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Being overweight or obese can increase the risk of developing certain health problems, and in some cases can complicate an existing medical condition. Total Diet Replacement Programmes aim to help individuals lose a significant amount of excess body weight, which may help to manage these health problems or reduce the risk of them developing in the first place.


Total Diet Replacement Programmes have been used for individuals with:


Type 2 Diabetes


Weight loss can help with Type 2 Diabetes management. People diagnosed with Type 2 Diabetes or Prediabetes that have been recommended a weight loss programme may choose to follow a total diet replacement programme to help them achieve the weight loss required.



What is Type 2 Diabetes?


Type 2 diabetes develops when the body becomes unable to produce enough insulin or becomes resistant to the insulin it does produce. Insulin is a hormone that helps your body use the glucose in your blood to give you energy. In type 2 diabetes, the shortage of insulin, or the body’s resistance to it, results in a build-up of glucose in the blood. If not managed properly, this can lead to a range of very serious health conditions affecting your heart, blood vessels, nerves, eyes and kidneys. 1–3


There are a number of factors that may increase your risk of developing type 2 diabetes, such as age, race, stress and pregnancy. But the single biggest risk factor is being overweight or obese. People with severe obesity are particularly at risk – in fact, almost 90% of people living with the condition are overweight or obese. 1–3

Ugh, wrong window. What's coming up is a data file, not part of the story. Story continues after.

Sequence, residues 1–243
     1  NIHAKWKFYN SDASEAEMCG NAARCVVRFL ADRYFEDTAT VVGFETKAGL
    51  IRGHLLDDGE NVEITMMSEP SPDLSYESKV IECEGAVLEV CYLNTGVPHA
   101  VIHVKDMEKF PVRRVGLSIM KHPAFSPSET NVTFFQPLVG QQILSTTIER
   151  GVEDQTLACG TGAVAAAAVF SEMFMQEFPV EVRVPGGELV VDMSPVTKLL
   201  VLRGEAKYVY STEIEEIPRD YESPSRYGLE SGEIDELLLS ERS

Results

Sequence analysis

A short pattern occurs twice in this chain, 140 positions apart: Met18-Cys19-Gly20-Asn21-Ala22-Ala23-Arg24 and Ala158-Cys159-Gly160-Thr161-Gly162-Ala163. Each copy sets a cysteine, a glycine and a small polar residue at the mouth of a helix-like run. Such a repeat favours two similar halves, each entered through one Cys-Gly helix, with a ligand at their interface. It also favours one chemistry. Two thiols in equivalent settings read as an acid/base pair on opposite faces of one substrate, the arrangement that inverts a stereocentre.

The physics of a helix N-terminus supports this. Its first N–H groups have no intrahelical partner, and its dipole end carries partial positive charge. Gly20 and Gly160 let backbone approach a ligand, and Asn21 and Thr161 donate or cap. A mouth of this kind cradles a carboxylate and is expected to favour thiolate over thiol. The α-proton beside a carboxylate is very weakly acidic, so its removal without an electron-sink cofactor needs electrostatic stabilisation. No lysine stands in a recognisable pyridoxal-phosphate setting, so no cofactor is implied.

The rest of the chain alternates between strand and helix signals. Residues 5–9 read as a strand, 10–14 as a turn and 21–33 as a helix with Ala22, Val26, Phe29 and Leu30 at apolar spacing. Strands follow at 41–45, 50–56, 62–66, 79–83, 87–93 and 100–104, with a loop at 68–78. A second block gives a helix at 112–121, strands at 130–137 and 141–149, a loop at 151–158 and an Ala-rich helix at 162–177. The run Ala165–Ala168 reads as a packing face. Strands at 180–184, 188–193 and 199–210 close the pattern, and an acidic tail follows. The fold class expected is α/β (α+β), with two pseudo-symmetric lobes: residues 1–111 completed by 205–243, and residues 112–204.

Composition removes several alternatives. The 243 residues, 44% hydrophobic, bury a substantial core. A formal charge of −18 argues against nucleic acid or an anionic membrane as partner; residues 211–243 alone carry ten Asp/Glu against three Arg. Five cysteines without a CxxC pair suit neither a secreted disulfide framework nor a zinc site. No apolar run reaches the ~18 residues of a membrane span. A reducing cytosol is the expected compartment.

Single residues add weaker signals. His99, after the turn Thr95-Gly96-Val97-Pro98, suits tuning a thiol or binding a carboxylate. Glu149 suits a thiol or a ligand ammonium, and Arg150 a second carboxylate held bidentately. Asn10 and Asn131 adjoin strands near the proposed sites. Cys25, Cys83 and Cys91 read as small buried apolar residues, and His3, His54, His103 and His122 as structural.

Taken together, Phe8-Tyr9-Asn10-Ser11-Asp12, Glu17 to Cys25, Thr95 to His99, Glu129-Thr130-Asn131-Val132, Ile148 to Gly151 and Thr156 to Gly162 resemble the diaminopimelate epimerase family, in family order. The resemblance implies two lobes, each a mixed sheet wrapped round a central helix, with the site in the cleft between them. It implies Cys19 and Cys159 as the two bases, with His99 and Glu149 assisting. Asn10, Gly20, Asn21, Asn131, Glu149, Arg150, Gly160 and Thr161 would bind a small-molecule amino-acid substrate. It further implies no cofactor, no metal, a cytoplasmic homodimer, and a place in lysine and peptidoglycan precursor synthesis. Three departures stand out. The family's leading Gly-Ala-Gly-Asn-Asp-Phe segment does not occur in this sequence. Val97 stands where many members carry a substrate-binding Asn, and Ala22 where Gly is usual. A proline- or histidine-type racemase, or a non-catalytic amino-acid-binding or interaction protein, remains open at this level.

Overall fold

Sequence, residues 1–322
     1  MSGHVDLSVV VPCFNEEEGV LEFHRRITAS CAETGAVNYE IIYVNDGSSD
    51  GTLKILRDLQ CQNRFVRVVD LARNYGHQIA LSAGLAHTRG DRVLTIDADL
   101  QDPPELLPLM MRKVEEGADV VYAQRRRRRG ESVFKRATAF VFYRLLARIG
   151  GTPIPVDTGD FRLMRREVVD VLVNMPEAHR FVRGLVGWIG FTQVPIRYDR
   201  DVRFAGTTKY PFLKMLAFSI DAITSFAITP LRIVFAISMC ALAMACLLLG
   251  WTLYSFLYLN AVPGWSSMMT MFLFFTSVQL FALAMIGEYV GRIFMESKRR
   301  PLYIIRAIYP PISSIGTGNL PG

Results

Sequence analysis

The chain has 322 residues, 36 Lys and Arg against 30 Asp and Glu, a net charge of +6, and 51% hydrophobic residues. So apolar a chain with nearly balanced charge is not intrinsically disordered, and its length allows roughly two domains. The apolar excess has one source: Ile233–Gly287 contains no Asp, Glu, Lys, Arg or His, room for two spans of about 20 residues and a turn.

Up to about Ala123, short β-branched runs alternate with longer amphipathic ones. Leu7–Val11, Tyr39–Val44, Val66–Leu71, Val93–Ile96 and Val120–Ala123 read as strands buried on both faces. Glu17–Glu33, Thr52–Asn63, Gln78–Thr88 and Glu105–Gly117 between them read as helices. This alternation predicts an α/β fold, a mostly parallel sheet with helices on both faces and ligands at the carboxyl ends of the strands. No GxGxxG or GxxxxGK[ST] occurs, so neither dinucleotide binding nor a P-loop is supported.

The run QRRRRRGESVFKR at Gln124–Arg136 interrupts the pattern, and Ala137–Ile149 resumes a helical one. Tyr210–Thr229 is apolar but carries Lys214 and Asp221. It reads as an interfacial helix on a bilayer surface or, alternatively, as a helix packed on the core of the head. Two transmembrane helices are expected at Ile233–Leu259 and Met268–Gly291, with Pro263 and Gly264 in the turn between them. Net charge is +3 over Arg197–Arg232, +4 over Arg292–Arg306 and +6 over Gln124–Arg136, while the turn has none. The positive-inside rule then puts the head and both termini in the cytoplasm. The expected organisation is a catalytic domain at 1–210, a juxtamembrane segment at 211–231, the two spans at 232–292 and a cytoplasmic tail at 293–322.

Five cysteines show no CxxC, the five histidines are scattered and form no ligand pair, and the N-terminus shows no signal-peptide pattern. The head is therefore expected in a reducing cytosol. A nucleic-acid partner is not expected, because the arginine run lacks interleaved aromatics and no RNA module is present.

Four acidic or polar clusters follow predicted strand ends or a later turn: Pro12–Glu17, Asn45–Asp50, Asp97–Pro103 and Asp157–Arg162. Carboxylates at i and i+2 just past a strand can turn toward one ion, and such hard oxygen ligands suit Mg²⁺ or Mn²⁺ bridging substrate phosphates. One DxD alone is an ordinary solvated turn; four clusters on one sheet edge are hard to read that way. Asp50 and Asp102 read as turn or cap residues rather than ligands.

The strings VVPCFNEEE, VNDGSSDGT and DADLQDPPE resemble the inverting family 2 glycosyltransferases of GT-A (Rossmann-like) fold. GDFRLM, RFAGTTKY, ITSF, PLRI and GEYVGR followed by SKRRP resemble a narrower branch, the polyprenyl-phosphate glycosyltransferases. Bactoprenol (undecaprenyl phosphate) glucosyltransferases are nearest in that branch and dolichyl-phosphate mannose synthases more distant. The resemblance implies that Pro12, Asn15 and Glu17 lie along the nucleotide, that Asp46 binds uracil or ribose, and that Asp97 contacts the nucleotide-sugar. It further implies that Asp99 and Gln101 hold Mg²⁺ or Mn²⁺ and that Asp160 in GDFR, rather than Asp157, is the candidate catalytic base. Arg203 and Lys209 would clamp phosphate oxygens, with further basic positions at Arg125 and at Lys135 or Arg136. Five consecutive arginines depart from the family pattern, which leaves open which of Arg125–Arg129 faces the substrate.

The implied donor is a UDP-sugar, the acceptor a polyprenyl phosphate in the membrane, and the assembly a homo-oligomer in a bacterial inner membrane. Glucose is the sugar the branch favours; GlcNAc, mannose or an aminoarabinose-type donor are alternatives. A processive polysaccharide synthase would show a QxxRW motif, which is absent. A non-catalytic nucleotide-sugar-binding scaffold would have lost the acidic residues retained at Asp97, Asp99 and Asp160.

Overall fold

Type 2 diabetes can be managed with a healthy diet and increased physical activity, even if you are also taking oral medication and/or insulin. 1–3





Weight loss can help to improve joint pain and function and is a core treatment in the NICE guidelines for osteoarthritis 11. The guidelines state that adults with osteoarthritis who are overweight or obese should be offered support to help them to lose weight, which may include weight-loss programmes tailored to their individual needs.


Weight loss surgery


Also known as bariatric surgery, this is sometimes used to treat people who are very obese. Bariatric surgery can lead to significant weight loss which in turn could help improve some obesity-related conditions.


Sometimes patients will be put on a Total Diet Replacement before their surgery to help reduce the visceral fat (fat around their organs) and make the surgery safer. After the surgery, patients will be put on a soft food or liquid diet such as a Total Diet Replacement or Meal Replacement. They will then be gradually introduced back to normal foods.




Always check with a Health Care Professional before commencing Total Diet Replacement if you have any underlying health conditions.




1. Diabetes UK. Diabetes: The basics. Accessed March 2017. Available at: https://www.diabetes.org.uk/Diabetes-the-basics/

2. Public Health England. Adult obesity and type 2 diabetes. 2014. Accessed March 2017. Available at: https://www.gov.uk/government/uploads/system/uploads/attachment_data/file/338934/Adult_obesity_and_type_2_diabetes_.pdf.

3. NHS Choices. Type 2 diabetes. 2015. Accessed March 2017. Available at: https://www.nhs.uk/conditions/type-2-diabetes/.